Is America exceptionally good or exceptionally bad?


OWHEN HE ARRIVES in boosterism, Americans are often without equal. Yet another poll from YouGov/The Economist suggests that among Democratic voters, pessimism about their own country is unusually widespread.

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Among some 1,500 people polled at the end of 2021, nearly a quarter of those who voted for Mr Biden in the 2020 election said that when it comes to gay rights, America ranks low compared to the rest of the world. Only 8% of Trump voters rated America that low. Their view would seem closer to reality: A 2021 study by the Williams Institute, a gay rights think tank at the University of California, Los Angeles, ranked America in the top 15th percentile for LGBT acceptance among 175 countries surveyed, ahead of Italy, Austria and Japan.

Biden voters are even more somber on other social issues. About 40% say America is among the worst in the world when it comes to minority rights (only 11% of Trump voters thought so). Nearly half of Biden voters, compared to 14% of Trump voters, similarly condemn America’s acceptance of migrants and refugees (see chart). A 2019 Gallup poll suggests that Americans are actually quite sympathetic to migrants. On a composite measure of migrant acceptance, America was the sixth most welcoming country out of 145.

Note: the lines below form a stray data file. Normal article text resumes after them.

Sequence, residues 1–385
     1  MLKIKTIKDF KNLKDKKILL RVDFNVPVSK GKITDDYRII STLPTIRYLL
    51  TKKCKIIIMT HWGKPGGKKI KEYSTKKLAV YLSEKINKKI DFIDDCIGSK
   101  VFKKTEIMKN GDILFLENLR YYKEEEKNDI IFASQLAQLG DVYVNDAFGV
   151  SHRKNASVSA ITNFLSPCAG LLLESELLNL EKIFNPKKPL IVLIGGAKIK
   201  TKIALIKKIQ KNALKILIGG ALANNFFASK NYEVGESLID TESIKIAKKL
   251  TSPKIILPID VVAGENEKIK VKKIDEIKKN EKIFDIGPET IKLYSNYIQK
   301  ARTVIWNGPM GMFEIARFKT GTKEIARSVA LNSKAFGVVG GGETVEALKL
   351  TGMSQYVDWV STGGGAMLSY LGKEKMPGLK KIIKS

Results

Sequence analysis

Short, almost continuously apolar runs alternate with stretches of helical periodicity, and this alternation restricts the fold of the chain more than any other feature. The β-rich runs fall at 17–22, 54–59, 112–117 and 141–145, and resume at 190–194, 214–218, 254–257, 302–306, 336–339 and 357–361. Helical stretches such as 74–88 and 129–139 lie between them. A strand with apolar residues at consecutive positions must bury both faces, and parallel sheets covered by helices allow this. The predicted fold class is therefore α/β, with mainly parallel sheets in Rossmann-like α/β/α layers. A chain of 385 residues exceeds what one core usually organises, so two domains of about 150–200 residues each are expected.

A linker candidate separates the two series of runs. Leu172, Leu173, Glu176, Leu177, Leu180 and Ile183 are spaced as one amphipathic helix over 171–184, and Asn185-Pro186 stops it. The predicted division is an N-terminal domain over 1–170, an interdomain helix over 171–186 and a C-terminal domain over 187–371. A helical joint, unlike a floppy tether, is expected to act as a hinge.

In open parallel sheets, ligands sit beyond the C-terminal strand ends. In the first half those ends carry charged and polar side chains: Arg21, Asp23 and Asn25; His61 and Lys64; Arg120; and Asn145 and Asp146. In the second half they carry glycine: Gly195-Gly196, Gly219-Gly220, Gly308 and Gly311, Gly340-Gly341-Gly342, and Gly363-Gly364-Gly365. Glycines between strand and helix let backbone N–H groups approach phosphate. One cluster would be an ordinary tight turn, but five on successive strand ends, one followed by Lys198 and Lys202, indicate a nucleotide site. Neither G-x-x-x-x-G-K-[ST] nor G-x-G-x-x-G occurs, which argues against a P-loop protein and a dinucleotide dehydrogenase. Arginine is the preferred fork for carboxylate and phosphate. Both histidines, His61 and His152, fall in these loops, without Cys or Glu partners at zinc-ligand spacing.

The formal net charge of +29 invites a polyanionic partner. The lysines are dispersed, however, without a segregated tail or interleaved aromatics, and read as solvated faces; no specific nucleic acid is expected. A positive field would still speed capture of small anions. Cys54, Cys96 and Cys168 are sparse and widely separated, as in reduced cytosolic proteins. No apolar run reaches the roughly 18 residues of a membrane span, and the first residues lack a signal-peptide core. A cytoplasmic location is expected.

While some Democrats tend to have an excessively gloomy view of their country, many Republicans do the opposite. For example, 40% of Trump voters ranked America among the best in income inequality, ignoring rising inequality that puts it well below the global median.

Patriotism is part of the Republican brand. But why do Democrats gravitate toward gloom? Some progressive students say it helps propel their activism.

Asking Americans, or anyone for that matter, to think about “the rest of the world” is tricky. People anchor themselves in what is familiar to them: the countries they have visited or the cultures with which they can identify. Although Republican voters are sometimes caricatured as provincial, many Democratic voters seem unaware of their relative good fortune. Even though Biden voters answered our poll thinking only of other wealthy democracies, it suggests a parochial worldview that Democrats typically attribute to their opponents.

In balancing America’s relative flaws and virtues, self-identifying independents tracked Republicans much more closely than Democrats. Given that elections tend to hinge on the votes of independents, this suggests that Democratic pessimism can be self-defeating. When it comes to American exceptionalism, some blue voters need more shades of gray.

For more coverage of Joe Biden’s presidency, visit our dedicated hub and follow us as we follow the changes in his approval rating. For exclusive insights and reading recommendations from our correspondents in America, sign up for Checks and Balance, our weekly newsletter.

This article appeared in the United States section of the print edition under the headline “Worst or Best?”

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